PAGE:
NEW DELHI -- Indian Prime Minister Narendra Modi and Chinese President Xi Jinping agreed to increase communication between their militaries and continue meetings intended to defuse border tensions and build smooth relations between the Asian powers, in a two-day informal summit that ended Saturday.
The meeting in the picturesque central Chinese city of Wuhan came less than a year after a 73-day military standoff on the Doklam plateau bordering Bhutan -- the longest such confrontation between the two countries in decades.
"The two leaders underscored the importance of maintaining peace and tranquillity in the India-China border regions. They decided they will strengthen communication between the two militaries in order to build trust and understanding," India Foreign Secretary Vijay Gokhale told reporters.
The meeting, which is believed to have been suggested by China, follows the Indian leader's visit to the south-eastern Chinese city of Xiamen last September for a summit of the BRICS countries (Brazil, Russia, India, China and South Africa). He is slated to visit Qingdao in June for a Shanghai Cooperation Organisation summit, making it the third China trip for Modi in less than a year.
Among the key takeaways from the two leaders' Wuhan meeting, Gokhale said, is that these informal meetings to discuss issues of common interest will continue. The "greater strategic communication at the leadership level and at the level of two governments allows for free and frank discussions on all matters of interest," he said.
"The two leaders were very clear that we have converging interests, we have our respective visions of domestic and foreign policy, that we will work together and use strategic communication in order to ensure that we are able to improve the situation regionally, internationally, and wherever we can work together we would like to work together," he said.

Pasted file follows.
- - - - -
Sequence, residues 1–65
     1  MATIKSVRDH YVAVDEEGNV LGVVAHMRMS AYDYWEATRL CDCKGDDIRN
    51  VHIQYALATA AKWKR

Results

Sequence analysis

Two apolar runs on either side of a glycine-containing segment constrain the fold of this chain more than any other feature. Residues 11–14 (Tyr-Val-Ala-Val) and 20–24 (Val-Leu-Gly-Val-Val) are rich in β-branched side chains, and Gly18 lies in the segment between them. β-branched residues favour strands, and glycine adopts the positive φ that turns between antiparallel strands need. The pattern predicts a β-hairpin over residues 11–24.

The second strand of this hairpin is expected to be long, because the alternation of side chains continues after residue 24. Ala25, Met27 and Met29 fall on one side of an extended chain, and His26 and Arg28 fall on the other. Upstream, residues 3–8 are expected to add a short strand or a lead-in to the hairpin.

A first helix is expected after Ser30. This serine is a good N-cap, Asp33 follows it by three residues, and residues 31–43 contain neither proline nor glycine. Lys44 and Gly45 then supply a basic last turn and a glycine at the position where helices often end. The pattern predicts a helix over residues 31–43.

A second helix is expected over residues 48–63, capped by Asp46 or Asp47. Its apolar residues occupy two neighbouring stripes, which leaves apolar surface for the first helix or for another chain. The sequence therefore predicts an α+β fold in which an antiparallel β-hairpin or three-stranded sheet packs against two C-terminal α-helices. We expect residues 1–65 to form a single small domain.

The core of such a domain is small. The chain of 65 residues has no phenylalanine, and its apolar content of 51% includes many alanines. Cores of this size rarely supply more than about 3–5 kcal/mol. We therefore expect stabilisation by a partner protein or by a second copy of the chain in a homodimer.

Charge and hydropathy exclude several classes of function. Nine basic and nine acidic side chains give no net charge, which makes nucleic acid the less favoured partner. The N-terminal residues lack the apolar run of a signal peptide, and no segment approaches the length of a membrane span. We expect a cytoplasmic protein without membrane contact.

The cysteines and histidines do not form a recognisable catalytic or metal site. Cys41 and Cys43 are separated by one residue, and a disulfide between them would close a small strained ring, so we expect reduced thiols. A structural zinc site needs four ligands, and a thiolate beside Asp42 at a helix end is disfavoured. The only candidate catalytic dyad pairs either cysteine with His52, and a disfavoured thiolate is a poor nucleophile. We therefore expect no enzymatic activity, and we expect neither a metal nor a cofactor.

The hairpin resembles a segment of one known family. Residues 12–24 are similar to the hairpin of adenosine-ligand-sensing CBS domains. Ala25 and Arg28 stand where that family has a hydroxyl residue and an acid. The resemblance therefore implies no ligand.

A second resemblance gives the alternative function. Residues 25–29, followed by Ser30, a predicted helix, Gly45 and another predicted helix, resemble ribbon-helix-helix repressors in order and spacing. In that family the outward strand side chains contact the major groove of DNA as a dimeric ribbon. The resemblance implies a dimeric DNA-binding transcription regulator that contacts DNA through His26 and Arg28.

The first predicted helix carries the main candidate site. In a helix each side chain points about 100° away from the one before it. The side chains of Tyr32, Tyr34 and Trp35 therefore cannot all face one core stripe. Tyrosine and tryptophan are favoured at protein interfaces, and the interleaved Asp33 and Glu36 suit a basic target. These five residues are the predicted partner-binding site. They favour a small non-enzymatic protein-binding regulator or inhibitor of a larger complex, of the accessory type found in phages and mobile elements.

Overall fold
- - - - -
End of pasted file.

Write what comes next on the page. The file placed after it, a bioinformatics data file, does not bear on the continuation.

Gokhale said the relationship between the two countries has been improving since the meeting at the BRICS summit in Xiamen.
"From that period onwards it was agreed between the two sides that we will find ways to work together to converge our interests, to improve the atmosphere of the relationship."
In a series of tweets on the meeting, Modi said a "strong India-China friendship is beneficial for the people of our nations and the entire world." He said the talks focussed on diverse areas of cooperation. "We discussed ways to give impetus to our economic ties as well as people-to-people relations. Other areas we spoke about include agriculture, technology, energy and tourism."
Xi said in the past three years, the two leaders have developed a good working relationship through mutual visits and meetings at multilateral events. "The great cooperation between our two great countries can influence the world," he was quoted as saying by China's official Xinhua news agency.
The meeting was somewhat unusual in that Xi does not normally receive foreign dignitaries in provincial cities. It also comes just over a month before Modi will be in China again for the Shanghai Cooperation Organisation summit.